If You Could Write Anything on the Sky...

...what would it be? Where would you write it? Who would read it?

I wonder who paid for this message... 
...and who it was meant for.

More

Perhaps the most famous skywriting in motion picture history wasn't made by a plane....
It was made by a witch! "Surrender Dorothy" appeared in the skies over the Emerald City, in The Wizard of Oz.

Here is a skywriting coloring page. 


November 27, 2010



Happy Birthday, New-Math Guy
(Edward Begle)

Edward Begle, who was born on this day in 1914 in Michigan, became a mathematician—a topologist, to be exact. (Topology is the study of shapes and spatial properties of things, even when those things are deformed—say, bent or curved around or stretched.) 

When the Soviet Union surprised the world by successfully launching a man into outer space (the 1957 Sputnik 1 launch), many people in the U.S. became upset. Americans had thought of themselves as leaders in space technology. Some people called for better education, especially in math and science. Because of these calls for newer, better math instruction, a group called the School Mathematics Study Group was launched, and Begle was chosen to be the director.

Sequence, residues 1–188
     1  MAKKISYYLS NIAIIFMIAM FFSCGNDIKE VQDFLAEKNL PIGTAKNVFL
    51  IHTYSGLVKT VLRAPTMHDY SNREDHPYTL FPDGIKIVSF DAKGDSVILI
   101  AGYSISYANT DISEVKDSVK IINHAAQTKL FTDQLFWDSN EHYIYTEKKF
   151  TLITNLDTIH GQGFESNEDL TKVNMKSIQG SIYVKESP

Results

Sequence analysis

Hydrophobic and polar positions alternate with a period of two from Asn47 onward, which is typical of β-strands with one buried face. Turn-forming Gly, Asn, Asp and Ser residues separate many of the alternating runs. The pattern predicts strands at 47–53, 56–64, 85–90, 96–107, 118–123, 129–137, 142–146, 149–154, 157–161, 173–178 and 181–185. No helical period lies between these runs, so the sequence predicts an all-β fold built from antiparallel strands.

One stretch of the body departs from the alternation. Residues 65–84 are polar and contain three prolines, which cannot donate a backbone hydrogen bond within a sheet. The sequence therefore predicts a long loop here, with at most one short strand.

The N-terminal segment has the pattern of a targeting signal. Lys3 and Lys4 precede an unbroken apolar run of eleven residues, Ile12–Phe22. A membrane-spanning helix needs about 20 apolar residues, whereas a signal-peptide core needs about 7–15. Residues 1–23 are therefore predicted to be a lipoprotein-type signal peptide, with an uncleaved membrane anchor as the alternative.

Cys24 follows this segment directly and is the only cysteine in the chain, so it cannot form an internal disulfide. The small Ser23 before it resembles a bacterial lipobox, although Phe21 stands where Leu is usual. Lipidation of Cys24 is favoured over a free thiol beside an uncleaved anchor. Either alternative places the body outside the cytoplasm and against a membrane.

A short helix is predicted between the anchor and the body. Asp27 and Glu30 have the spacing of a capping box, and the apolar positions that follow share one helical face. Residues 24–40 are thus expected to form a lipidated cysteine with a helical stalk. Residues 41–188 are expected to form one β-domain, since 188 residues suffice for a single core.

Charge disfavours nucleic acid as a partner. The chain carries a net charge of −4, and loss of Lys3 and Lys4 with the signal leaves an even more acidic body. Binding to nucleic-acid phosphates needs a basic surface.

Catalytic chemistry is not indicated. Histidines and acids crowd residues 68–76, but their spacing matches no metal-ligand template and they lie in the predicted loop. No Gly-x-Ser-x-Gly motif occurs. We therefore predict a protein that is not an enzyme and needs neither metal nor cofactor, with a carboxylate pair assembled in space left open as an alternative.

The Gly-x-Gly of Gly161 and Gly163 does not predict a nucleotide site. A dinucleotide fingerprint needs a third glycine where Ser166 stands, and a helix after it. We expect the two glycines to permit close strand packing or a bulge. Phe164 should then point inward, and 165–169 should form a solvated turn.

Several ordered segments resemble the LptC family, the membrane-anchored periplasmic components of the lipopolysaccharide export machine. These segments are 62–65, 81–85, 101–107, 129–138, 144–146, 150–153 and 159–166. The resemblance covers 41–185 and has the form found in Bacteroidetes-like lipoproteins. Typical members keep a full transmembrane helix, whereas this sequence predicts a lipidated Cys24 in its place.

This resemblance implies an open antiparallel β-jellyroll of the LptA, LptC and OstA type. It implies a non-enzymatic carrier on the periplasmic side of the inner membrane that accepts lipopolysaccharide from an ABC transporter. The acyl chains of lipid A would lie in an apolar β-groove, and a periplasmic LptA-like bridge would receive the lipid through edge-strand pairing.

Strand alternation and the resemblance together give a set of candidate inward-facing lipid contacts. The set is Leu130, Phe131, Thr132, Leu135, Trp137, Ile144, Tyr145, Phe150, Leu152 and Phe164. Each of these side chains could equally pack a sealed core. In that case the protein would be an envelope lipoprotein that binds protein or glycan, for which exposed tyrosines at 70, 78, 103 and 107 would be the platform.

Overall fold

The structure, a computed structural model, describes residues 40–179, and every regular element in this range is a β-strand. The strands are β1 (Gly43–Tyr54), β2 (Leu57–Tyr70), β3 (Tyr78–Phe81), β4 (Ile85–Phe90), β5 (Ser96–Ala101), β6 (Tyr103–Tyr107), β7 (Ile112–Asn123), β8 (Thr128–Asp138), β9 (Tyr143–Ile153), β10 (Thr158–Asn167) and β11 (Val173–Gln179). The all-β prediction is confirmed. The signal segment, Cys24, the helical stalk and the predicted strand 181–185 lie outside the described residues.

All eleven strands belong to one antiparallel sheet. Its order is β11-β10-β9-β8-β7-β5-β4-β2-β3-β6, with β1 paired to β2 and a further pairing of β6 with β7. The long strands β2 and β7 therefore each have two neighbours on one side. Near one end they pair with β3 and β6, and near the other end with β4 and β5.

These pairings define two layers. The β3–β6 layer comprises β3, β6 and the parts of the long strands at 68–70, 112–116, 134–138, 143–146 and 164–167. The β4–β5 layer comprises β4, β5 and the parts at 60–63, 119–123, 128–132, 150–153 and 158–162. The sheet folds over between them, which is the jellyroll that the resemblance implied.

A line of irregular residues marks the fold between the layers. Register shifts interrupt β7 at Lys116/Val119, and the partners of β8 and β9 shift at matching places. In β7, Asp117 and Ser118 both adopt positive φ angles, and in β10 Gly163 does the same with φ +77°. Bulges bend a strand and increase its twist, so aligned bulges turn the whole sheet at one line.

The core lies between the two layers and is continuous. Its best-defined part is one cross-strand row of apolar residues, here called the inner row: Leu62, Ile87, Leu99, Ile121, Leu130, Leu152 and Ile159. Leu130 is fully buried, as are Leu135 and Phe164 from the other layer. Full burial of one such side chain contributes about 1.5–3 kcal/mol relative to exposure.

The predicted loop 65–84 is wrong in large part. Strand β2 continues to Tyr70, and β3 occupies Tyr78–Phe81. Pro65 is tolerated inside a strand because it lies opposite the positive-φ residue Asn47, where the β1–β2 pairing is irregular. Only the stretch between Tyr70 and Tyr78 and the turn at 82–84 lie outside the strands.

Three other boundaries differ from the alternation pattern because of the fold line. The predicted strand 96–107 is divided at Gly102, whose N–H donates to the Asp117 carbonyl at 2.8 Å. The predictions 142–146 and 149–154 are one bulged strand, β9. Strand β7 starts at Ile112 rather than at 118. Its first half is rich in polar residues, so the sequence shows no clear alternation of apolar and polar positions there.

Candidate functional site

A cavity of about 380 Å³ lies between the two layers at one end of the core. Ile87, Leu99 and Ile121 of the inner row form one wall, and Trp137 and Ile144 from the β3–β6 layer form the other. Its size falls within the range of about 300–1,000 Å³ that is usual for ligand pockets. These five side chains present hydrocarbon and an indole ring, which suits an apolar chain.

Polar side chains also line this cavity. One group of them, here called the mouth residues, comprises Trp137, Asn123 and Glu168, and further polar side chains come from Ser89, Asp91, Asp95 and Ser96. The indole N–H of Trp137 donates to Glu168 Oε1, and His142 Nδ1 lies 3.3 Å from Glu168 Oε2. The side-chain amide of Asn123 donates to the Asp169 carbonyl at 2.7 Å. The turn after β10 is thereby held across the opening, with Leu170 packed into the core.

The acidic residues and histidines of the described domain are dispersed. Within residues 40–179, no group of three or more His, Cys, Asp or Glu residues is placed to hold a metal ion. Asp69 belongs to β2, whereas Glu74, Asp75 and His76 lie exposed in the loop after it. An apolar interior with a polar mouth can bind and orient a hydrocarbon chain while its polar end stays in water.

In the 1960s the group released educational materials for all levels of school (K-12), and the these materials and the philosophy behind them were dubbed “The New Math.”

Begle thought that traditional math relied too heavily on memorization and drill of algorithmic processes. (An algorithm is a set of steps designed to solve a problem. For example, when doing long division--425 divided by 25--you might say to yourself, “25 goes into 42 one time, 1 times 25 is 25; 42 take away 25 is 17; bring down the 5; 25 goes into 175 seven times, 7 times 25 is 175; 175 take away 175 is zero. So 425 divided by 25 is 17.” These repeated steps of dividing, multiplying, subtracting, and “bringing down” make up the algorithm of long division.) Many kids successfully memorized “math facts” but then later forgot them, and many kids didn't know which algorithm to use to solve particular math problems.